Your People Might Suffer from Decision Fatigue

When the whole world feels dangerous, your people might suffer from decision fatigue.

With the arrival of the coronavirus pandemic, our "new normal" means that tasks which used to be routine may now have more steps and be more complicated. We're all spending time and energy making decisions that we didn’t have to think about a couple months ago. For instance, what used to be an ordinary trip to the grocery store now takes planning, hand sanitizer, a mask, and patience.

In psychology and decision science, decision fatigue describes why people are more likely to make poor choices when they are at the end of a long session of decision making. As a supervisor, it’s up to you to make it easier for your people to make the right safety decision every time.

When you create and implement safety rules for the jobsite, you're getting your people to form safety habits that don’t require analytic thinking. On a busy jobsite, people have to make split-second choices all the time—and each decision requires mental effort. So, by enforcing simple safety rules that are easy and painless to follow, you free up mental energy for your people to make good choices when they have to think carefully.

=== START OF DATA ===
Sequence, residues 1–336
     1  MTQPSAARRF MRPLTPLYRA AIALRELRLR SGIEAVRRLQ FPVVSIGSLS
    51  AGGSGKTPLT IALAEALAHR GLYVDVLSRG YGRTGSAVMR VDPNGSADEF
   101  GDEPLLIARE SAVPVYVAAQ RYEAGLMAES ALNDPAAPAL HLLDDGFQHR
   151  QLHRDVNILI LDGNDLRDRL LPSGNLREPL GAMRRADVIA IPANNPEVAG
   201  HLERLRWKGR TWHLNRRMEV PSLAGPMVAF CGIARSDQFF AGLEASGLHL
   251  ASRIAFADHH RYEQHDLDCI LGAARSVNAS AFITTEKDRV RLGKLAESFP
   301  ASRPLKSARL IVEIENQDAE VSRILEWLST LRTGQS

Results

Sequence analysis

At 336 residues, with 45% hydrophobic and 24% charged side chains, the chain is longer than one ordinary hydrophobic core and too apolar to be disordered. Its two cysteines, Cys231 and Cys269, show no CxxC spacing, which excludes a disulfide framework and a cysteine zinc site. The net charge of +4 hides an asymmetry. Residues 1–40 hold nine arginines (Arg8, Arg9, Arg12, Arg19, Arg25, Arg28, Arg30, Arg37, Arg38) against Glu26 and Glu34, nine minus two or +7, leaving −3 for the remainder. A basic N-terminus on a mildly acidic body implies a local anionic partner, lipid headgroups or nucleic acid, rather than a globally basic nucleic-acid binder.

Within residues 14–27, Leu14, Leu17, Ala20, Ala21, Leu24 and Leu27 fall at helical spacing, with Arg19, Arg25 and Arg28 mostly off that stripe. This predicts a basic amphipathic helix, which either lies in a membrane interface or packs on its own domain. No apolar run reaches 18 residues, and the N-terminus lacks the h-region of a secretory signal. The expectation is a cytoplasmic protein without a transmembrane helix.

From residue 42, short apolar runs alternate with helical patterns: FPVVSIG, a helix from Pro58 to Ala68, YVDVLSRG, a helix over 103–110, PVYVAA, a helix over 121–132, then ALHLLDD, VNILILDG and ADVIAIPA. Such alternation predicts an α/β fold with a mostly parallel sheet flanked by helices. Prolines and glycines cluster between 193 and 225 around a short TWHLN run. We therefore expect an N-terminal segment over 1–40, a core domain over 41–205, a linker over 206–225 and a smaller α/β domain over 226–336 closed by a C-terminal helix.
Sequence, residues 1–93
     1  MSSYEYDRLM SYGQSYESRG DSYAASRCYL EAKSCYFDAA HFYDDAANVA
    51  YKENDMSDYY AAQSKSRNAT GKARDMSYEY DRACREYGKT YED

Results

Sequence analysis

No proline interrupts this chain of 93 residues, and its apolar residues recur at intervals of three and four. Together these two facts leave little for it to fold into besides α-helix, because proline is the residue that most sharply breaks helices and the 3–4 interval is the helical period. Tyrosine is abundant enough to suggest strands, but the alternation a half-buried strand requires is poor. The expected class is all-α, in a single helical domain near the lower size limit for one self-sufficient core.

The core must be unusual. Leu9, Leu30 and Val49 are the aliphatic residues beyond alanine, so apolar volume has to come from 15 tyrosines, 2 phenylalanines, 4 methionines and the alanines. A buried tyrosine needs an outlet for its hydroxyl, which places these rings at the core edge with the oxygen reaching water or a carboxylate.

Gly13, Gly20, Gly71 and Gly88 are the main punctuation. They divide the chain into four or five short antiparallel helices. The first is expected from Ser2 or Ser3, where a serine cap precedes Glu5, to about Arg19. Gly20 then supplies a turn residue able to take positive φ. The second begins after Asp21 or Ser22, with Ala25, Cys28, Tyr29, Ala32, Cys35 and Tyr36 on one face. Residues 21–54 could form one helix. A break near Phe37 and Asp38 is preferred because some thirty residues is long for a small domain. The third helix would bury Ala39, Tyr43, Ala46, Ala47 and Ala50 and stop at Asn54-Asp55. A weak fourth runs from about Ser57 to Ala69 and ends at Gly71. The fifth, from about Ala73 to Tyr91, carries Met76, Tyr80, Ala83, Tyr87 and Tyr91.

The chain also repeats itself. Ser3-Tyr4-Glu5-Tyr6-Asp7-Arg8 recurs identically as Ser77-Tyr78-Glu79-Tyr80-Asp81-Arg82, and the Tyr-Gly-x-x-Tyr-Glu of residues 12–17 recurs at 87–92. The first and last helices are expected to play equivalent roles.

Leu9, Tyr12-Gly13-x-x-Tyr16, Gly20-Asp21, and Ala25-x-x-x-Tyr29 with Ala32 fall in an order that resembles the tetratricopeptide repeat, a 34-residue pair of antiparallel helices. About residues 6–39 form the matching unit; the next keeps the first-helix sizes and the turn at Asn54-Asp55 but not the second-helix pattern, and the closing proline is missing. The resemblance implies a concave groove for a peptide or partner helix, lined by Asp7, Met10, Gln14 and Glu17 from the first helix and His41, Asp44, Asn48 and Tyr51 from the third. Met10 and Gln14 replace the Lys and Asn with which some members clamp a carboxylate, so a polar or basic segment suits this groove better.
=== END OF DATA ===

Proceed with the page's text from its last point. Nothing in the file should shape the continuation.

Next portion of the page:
Make simple decisions easy by turning them into habits:

  • Upon entering the jobsite, workers have to put on a cloth mask, wash their hands, and then put on the rest of their required PPE. When all workers wear cloth masks all the time, they don't have to decide when and where to put them on and take them off. It's your jobsite. You make the rules. Your people don't get to decide when to wear safety glasses, and it won't be long before masks are just another kind of required PPE.

Make more complicated decisions easier by supporting your people:

  • Encourage collaboration. People are more likely to make better safety decisions when they can talk about it with their co-workers. But collaboration may take more effort when your crew is busy and practicing physical distancing, and wearing masks that make communication more difficult. Think of innovative ways that can get your people to connect, especially when they're making important decisions.
  • Encourage your people to ask questions. Be prepared to do some on-the-spot safety training. Call us if you need a hand. We can offer S.A.F.E. cards and COVID-19 safety meetings.
  • Encourage breaks. Get your people to rest their bodies and minds. You may need to build more breaks into the schedule to give them time to go outside, breathe some fresh air, and re-connect.